Fossil fuels have leveraged human power and ingenuity to a remarkable degree. Their discovery and accelerating utilization utterly transformed lifestyles, achievements, and even how we perceive ourselves as a species.
Yet, one thing we know for certain about fossil fuels is that they are a finite resource on this planet—slowly developed in select locations over hundreds of millions of years and being used about a million times faster than the rate of production. We know that we have already consumed a sizable fraction of the initial inheritance: perhaps now halfway through the irreplaceable allotment of oil. So we know that this phase of the human adventure is a temporary one.
The quintessential graphic for conveying this idea is one I have used many times, because I believe it is the most important plot modern humans could possibly absorb. Human energy use has shot up in the last 150 years, and in the context of fossil fuels will plummet on a similar timescale, leaving—what, exactly?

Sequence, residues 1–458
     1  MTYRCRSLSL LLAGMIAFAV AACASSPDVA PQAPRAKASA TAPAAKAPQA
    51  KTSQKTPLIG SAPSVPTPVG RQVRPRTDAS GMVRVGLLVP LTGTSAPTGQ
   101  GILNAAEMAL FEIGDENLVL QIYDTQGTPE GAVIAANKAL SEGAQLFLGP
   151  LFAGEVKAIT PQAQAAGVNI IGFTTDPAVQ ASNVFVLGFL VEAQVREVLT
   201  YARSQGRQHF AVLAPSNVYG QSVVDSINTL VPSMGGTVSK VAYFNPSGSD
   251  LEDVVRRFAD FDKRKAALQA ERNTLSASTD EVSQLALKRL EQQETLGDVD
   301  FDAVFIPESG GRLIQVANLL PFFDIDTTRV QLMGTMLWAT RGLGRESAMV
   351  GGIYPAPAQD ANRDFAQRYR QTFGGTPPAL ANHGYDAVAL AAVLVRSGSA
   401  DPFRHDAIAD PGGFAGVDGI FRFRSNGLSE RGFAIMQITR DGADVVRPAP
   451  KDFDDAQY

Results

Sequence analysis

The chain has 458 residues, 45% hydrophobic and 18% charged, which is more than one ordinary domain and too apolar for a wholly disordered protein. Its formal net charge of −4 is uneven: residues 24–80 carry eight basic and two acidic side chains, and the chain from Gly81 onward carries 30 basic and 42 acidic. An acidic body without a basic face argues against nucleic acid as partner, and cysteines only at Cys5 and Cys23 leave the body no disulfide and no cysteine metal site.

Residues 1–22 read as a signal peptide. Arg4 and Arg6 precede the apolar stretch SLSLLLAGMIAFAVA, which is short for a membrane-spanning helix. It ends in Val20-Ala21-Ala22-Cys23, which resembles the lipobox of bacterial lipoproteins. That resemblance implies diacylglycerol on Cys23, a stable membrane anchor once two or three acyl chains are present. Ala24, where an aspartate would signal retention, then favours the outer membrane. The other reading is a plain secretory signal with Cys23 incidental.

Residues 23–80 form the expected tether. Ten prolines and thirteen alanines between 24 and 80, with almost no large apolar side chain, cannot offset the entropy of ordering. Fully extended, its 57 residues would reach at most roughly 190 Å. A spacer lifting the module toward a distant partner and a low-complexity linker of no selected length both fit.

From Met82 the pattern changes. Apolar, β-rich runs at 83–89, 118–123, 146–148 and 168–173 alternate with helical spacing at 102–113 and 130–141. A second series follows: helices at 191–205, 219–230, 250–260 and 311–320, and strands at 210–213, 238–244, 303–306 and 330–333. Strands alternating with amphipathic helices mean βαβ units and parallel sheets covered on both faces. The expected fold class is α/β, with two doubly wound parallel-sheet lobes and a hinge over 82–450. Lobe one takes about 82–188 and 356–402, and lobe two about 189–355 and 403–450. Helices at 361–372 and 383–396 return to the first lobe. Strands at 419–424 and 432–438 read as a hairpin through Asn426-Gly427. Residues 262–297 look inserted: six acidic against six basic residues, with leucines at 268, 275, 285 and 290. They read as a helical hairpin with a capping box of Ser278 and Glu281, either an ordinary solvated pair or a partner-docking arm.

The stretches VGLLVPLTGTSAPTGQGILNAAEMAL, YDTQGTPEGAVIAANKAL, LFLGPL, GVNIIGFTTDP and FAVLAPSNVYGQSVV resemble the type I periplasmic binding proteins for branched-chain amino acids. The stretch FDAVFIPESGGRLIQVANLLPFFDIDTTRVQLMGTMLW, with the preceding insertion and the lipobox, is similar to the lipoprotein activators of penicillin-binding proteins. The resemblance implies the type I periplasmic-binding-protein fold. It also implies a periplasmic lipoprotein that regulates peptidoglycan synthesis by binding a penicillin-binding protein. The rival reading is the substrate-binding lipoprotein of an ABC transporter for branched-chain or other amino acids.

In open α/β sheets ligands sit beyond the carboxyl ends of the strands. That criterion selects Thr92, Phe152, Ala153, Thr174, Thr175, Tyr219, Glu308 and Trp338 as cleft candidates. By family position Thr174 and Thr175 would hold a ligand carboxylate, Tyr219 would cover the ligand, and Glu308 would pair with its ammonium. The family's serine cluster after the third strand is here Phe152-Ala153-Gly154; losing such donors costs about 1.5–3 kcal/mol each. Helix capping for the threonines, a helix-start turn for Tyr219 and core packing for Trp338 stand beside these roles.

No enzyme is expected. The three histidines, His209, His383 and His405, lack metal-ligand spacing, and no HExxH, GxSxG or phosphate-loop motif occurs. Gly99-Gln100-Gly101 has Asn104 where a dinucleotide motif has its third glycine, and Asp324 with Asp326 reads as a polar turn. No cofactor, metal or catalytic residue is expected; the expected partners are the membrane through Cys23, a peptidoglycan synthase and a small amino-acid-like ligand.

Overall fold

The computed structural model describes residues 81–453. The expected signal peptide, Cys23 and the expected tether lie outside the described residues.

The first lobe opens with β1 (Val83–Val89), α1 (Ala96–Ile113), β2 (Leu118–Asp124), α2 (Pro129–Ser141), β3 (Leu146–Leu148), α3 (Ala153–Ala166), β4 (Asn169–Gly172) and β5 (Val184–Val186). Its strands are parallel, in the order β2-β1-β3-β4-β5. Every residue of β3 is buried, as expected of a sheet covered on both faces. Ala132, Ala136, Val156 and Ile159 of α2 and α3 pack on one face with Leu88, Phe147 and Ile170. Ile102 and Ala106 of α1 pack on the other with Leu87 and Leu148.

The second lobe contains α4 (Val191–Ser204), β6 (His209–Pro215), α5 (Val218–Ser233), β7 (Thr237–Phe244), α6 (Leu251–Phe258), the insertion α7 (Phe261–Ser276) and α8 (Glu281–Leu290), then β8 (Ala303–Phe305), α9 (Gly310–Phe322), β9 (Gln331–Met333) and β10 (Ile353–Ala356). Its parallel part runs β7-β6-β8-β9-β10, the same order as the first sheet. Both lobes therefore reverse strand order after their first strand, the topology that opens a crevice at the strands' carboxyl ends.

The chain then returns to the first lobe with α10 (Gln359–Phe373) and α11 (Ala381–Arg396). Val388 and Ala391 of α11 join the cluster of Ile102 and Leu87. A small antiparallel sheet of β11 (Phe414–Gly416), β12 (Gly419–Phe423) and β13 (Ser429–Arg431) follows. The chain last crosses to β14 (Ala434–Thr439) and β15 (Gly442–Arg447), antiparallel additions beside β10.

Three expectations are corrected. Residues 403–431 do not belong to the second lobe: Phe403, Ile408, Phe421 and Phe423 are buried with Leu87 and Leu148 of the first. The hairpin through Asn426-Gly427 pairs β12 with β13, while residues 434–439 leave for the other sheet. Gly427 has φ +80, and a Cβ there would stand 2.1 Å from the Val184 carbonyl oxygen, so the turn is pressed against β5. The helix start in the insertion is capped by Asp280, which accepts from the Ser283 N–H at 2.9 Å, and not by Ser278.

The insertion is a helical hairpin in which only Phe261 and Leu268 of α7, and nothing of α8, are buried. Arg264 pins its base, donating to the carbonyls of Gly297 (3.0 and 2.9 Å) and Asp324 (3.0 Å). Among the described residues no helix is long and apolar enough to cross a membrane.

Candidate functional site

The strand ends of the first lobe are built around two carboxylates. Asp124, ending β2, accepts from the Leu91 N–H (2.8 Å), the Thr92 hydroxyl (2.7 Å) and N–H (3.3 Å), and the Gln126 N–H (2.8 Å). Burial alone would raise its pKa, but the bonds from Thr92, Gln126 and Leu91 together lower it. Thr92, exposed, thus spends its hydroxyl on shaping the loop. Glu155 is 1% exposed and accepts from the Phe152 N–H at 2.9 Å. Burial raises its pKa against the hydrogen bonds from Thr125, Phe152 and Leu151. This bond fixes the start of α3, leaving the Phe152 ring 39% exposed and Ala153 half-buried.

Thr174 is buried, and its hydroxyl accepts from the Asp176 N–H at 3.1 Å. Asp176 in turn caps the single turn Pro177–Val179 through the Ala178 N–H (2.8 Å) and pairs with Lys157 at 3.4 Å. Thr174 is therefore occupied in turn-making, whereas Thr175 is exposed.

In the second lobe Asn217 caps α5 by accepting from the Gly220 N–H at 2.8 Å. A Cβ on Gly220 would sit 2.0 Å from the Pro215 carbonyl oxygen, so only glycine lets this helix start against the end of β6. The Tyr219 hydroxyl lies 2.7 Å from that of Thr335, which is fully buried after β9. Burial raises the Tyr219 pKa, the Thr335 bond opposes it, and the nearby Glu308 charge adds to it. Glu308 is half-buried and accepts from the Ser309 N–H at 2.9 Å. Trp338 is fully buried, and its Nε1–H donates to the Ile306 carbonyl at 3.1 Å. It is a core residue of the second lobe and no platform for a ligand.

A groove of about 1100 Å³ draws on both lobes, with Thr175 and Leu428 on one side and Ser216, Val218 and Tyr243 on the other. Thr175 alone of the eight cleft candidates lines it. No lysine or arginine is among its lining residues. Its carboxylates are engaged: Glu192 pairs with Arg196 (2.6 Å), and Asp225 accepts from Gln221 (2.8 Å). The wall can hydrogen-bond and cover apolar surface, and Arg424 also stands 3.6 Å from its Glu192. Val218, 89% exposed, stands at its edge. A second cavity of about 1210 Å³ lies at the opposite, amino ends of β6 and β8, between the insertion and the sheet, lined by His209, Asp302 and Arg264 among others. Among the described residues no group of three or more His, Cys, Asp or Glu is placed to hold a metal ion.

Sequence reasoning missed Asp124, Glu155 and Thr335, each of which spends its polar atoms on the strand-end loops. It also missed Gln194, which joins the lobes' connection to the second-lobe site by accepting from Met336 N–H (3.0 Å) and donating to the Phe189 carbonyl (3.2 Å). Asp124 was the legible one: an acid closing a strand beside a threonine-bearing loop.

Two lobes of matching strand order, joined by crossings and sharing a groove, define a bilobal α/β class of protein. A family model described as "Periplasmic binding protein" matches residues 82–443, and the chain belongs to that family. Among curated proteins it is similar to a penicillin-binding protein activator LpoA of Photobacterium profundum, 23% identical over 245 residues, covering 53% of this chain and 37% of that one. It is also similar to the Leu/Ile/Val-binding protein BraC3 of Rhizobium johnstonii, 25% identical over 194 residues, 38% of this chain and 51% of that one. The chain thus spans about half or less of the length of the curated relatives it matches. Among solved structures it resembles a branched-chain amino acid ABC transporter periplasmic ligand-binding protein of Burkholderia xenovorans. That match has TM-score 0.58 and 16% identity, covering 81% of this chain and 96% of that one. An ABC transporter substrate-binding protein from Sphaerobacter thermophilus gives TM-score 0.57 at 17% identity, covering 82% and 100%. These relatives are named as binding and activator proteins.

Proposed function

Over timescales relevant to civilization (which began 10,000 years ago with agriculture and cities), plots of almost anything relating to human activity look like hockey sticks: population, agricultural output, industrial output, mined materials, deforestation, species extinctions, and so on. Many of these certainly correlate to population growth, but the per capita impacts also have shot up, compounding the human footprint to a frightening degree. At this point, humans and their livestock account for 96% of mammal mass on the planet, leaving a mere 4% for all wild animals (half of this from massive whales and other marine mammals). It’s not just a footprint any more: it’s a boot on the throat of the planet, leaving non-human life gasping and silently begging for even a little mercy. Is anybody getting video of this?
Almost all of this explosive impact can be traced to fossil fuels, which I have started visualizing as a suit donned by humans that has given us literal superpowers. What would we be without our fancy suit?